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UNITED DAILY NEWS (Taiwan)

Worldcrunch

BEIJING- There's a new iPhone app circulating in Beijing that breaks a new barrier in cool convenience, and it comes with a rather awesomely descriptive name: “Yaoyao-zhaoche,” which translates from Chinese as shake-shake cab-calling.

According to the United Daily News, after downloading the app and establishing a paypal minimum balance, a quick shake connects the GPS function on your iPhone to participating cab companies. Within 30 seconds, the client will receive a text message informing him of the nearest car’s model, number plate and driver’s name, phone number and the time it will take to arrive. If the client confirms the information, the deal is done.

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Beijing taxis (Herry Lawford)

Once the client gets in the cab, the fee is calculated automatically based on the time and the distance of the journey as tracked by your phone. The charge is then automatically deducted from the client’s Paypal account.

It is the latest attempt to disrupt the traditional system for calling, hailing and paying for cabs, joining the likes of US-based Uber cab.

Currently, this Chinese cab calling system is restricted to only iPhone holders, but the Yaoyao zhaoche company said that they are soon expecting to launch the same service for Android phones. Seeing the good response to this new service system, taxi firms in other Chinese cities such as Hangzhou and Qingdao are already following suit.

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Society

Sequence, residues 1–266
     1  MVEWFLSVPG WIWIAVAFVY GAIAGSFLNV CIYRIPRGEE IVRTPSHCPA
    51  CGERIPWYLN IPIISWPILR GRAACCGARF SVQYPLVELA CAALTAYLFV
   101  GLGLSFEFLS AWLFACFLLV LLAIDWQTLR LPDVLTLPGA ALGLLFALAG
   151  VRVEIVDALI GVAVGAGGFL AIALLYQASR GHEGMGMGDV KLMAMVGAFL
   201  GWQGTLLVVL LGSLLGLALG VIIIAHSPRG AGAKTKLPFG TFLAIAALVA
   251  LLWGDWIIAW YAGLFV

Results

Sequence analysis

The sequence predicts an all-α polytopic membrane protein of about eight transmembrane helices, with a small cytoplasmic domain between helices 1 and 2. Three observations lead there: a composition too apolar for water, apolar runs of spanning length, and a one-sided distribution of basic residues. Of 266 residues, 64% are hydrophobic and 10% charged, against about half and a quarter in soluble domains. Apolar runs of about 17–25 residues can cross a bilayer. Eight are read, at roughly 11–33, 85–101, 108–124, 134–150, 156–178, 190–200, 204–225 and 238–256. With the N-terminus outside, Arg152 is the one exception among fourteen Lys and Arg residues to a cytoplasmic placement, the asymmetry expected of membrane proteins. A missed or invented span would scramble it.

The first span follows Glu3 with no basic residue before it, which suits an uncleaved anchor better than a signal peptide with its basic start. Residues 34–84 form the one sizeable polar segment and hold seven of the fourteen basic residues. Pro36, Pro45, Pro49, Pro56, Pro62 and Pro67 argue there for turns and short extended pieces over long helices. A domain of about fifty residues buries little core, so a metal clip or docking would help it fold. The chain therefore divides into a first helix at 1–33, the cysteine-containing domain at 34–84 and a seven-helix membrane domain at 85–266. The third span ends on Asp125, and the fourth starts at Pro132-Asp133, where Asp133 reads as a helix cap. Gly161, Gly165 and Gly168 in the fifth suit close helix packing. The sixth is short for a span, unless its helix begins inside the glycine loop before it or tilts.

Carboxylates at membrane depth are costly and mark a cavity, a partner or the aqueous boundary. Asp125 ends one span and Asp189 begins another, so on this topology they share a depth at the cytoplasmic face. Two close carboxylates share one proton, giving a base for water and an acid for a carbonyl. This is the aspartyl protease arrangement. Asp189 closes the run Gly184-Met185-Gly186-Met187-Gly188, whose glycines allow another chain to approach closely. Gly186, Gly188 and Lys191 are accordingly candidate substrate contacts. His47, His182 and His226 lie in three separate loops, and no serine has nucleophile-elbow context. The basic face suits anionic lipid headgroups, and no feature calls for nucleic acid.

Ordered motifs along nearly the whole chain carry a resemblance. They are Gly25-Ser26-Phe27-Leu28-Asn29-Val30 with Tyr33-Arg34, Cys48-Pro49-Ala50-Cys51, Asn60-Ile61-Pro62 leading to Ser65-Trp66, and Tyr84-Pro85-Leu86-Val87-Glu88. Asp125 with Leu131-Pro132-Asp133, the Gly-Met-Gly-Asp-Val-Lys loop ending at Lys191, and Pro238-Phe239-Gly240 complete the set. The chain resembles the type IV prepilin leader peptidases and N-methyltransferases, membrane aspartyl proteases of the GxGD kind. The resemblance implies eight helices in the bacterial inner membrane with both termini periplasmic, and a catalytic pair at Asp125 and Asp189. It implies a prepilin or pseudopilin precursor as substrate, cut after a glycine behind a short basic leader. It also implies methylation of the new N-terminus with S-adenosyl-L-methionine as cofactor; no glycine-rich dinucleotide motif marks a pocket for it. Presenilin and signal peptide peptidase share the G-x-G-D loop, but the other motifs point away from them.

Colombia Celebrates Its Beloved Drug For The Ages, Coffee

This essential morning drink for millions worldwide was once considered an addictive menace, earning itself a ban on pain of death in the Islamic world.

Colombia's star product: coffee beans.

Julián López de Mesa Samudio

-Essay-

BOGOTÁ — October 1st is International Coffee Day. Recently it seems as if every day of the calendar year commemorates something — but for Colombia, coffee is indeed special.

For almost a century now we have largely tied our national destiny, culture and image abroad to this drink. Indeed it isn't just Colombia's star product, it became through the course of the 20th century the world's favorite beverage — and the most commonly used drug to boost work output.

Precisely for its stimulating qualities — and for being a mild drug — coffee was not always celebrated, and its history is peppered with the kinds of bans, restrictions and penalties imposed on the 'evil' drugs of today.

Keep reading...Show less

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